As June ended, I was prepared for the summer of 2021 to once again be day after day of dealing with drought.

In May and June, the temperatures had been high and the rain infrequent. We’d actually bought a new sprinkler, as I was sick of hauling an old metal trash can around the yard for watering, placing the trash can upside down, then setting the sprinkler atop it so that each sprinkler sweep would cover more garden. The new one holds the sprinkler head up to four feet off the ground, no trash can necessary.

As it happens, I used the new sprinkler exactly once. Then the rains came, at least along the coast where we live. I have heard from inland friends and readers that most of the rain never made it inland. But I haven’t needed to use a sprinkler – just watering cans with rain-barrel water – since June.

The weather was strange, and the plants in our neighborhood acted a bit strangely, too, perhaps also in response to the unusually warm fall. Shrubs and perennials that typically bloom in the spring, and did so beautifully this year, produced another smaller round of blossoms in late September and early October. In our yard, that included several viburnum species and at least one iris.

What is going on? I emailed YongJiang Zhang, an assistant professor of plant physiology at the University of Maine, to ask. Fall blooms on spring-blooming plants – including wild blueberries – are becoming more common, he replied. “We don’t have a conclusion yet, but we are thinking it is related to some unpredicted warm spells in the fall. Some plants may get confused.”

In an experiment conducted by the university, some wild blueberry bushes were warmed artificially, he said, and they bloomed in the fall for a second time.


Our vegetable garden mostly liked the weather. We started harvesting lettuce – planted in the cold frame – in April, and had asparagus in early May, well before May 15, our typical date. Peas, both the shelling and pod varieties, were done by mid-July.

The tomato crop was strange. We got some Patio Delight tomatoes, about the size of tennis balls, in early July, which were, as the name implies, delightful. Later in July, we harvested red cherry tomatoes, which we’d bought as seedlings from the Portland Arts and Technology School plant sale; and Sun Gold cherry tomatoes, which we’d purchased from a local grower. We got a lot of both.

Full-sized slicing tomatoes, for some reason, didn’t do well. We harvested about eight of them in total. It wasn’t just me, either. A friend said he normally makes gallons of sauce from his full-sized tomatoes, but he got the same meager crop that we did. Maybe the tomatoes were confused by the weather, too.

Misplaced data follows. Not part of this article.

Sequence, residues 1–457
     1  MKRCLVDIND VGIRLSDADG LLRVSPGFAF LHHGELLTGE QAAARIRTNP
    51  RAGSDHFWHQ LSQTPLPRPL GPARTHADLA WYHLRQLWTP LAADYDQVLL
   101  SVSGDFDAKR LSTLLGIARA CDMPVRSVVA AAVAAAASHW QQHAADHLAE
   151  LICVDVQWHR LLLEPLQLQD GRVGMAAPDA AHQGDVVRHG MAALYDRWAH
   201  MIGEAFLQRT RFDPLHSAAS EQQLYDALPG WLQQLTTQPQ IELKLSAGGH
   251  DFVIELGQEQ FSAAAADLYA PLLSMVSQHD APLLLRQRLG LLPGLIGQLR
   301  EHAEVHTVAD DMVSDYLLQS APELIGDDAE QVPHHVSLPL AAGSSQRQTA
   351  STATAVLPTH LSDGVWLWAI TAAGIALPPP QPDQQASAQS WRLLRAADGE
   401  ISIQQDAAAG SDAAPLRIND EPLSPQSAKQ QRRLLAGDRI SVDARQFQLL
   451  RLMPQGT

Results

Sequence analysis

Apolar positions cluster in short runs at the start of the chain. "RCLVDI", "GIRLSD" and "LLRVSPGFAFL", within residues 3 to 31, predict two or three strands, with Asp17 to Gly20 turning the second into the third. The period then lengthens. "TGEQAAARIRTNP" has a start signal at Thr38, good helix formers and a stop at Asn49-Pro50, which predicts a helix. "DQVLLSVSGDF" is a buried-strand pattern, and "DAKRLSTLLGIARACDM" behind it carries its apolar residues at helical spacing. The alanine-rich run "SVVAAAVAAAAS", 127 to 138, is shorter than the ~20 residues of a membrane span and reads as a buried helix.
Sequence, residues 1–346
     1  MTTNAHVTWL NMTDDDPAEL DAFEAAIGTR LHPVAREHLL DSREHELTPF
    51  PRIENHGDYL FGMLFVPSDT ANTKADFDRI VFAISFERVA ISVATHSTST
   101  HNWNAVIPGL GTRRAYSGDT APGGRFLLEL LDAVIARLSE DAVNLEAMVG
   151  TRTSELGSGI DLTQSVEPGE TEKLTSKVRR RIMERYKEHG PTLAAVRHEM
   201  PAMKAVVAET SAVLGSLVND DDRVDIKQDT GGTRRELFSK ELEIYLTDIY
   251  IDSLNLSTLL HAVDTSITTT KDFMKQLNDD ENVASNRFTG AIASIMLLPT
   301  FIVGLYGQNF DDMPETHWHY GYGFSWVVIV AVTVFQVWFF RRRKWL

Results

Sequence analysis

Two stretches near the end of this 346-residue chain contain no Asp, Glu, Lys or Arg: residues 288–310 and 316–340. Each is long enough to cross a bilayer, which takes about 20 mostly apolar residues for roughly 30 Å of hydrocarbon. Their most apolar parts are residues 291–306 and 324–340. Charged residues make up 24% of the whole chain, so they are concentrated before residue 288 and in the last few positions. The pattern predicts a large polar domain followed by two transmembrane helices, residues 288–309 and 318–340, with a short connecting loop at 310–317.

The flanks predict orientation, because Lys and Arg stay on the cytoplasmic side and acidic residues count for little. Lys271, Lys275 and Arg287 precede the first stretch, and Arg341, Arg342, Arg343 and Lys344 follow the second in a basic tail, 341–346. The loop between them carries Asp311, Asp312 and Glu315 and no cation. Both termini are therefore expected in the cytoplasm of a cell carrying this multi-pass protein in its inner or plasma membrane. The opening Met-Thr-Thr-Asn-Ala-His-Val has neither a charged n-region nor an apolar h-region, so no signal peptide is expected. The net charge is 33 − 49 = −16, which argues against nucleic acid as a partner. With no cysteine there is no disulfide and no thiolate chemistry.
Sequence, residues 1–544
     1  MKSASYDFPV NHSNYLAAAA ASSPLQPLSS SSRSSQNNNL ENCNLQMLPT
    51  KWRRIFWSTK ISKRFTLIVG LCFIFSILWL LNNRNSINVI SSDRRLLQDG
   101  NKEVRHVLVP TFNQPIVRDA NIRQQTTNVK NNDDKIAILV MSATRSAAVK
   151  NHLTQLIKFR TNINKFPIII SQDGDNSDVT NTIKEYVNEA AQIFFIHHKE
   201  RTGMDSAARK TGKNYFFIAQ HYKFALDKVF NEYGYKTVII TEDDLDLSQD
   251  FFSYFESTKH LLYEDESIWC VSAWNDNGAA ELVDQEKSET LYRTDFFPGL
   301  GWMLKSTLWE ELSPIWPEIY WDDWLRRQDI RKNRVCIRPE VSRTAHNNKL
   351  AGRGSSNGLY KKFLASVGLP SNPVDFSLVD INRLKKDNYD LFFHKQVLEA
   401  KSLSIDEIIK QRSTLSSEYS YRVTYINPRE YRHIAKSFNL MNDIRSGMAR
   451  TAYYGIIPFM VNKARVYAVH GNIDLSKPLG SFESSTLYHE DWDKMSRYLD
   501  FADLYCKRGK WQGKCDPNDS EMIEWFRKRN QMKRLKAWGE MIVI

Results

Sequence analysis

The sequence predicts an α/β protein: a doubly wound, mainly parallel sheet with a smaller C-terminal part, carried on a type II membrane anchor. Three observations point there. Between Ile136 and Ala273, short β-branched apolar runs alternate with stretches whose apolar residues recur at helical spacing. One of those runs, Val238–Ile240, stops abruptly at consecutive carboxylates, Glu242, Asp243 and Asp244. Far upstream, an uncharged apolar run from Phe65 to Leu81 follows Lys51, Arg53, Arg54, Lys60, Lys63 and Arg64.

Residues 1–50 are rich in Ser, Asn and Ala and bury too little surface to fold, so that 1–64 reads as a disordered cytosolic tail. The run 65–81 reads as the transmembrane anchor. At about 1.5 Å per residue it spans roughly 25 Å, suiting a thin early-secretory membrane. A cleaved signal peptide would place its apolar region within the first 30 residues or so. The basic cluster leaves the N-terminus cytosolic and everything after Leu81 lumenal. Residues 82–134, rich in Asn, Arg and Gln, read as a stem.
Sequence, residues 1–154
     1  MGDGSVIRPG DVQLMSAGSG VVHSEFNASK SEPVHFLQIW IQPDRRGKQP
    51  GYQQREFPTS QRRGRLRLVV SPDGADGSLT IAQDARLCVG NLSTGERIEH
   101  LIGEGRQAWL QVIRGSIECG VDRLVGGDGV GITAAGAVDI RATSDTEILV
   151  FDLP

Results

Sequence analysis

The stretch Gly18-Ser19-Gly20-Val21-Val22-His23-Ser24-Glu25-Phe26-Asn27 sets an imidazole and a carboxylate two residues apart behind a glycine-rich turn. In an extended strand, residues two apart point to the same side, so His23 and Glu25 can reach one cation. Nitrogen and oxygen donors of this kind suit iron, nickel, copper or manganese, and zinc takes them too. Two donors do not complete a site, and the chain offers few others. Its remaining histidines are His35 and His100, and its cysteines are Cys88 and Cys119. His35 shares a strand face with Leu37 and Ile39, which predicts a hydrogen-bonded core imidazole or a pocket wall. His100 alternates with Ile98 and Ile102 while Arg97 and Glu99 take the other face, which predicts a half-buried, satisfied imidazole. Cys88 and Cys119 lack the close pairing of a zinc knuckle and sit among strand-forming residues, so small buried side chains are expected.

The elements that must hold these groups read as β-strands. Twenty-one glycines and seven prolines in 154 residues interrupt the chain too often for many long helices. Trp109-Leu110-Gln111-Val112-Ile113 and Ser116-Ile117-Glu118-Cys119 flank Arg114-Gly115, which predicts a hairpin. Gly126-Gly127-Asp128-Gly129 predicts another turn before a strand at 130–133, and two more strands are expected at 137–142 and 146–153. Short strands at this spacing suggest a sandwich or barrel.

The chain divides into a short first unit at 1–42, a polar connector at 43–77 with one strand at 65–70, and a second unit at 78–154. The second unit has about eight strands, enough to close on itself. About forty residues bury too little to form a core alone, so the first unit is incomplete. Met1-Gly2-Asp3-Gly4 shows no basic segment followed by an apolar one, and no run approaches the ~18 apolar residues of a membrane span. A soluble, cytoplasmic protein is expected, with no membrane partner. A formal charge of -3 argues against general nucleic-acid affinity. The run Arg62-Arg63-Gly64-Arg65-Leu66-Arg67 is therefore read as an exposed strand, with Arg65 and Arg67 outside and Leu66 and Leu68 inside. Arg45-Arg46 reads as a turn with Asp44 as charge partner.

Cucumbers and summer squash were bountiful, as were most of our other vegetables, such as carrots, onions, garlic and potatoes. We produced more butternut squash than we ever have before, but the chipmunks – who have taken over our yard – nibbled on so many of them that we’ve only got eight or so in sound enough condition to store for the winter. Fortunately, that’s about all we will eat, anyway.

Sure, they’re the picture of adorable innocence, but did wily raccoons eat all the peaches from Maine Gardener Tom Atwell’s tree? Jeremy Langlet/Shutterstock

Our apple tree produced a lot of apples, but the wildlife got most of them. They turned out to be russets. With brownish skin, it’s not a beautiful fruit, but the three I picked and tasted were quite good. Our peach tree also produced well, but though we covered it with a net, all the peaches disappeared in a single night, before they were even ripe. I’m blaming raccoons, but I have no proof.

The flower gardens have been a delight all year long, from the bulbs that blossomed prolifically in April to the asters that were still gorgeous in the middle of October. And as I write this, the temperatures have remained warm.

Hydrangea blossoms, too, have been big and bountiful. The arborescens and paniculata varieties that are reliable bloomers did even better than normal. The surprise was that the ‘Endless Summer’ macrophylla varieties, which are often disappointing in Maine gardens, produced better than I have ever seen them.

So, overall, the garden did its job this season, despite the tricky weather. It gave us food, flowers and, most importantly, entertainment.

Tom Atwell is a freelance writer gardening in Cape Elizabeth. He can be contacted at: [email protected]

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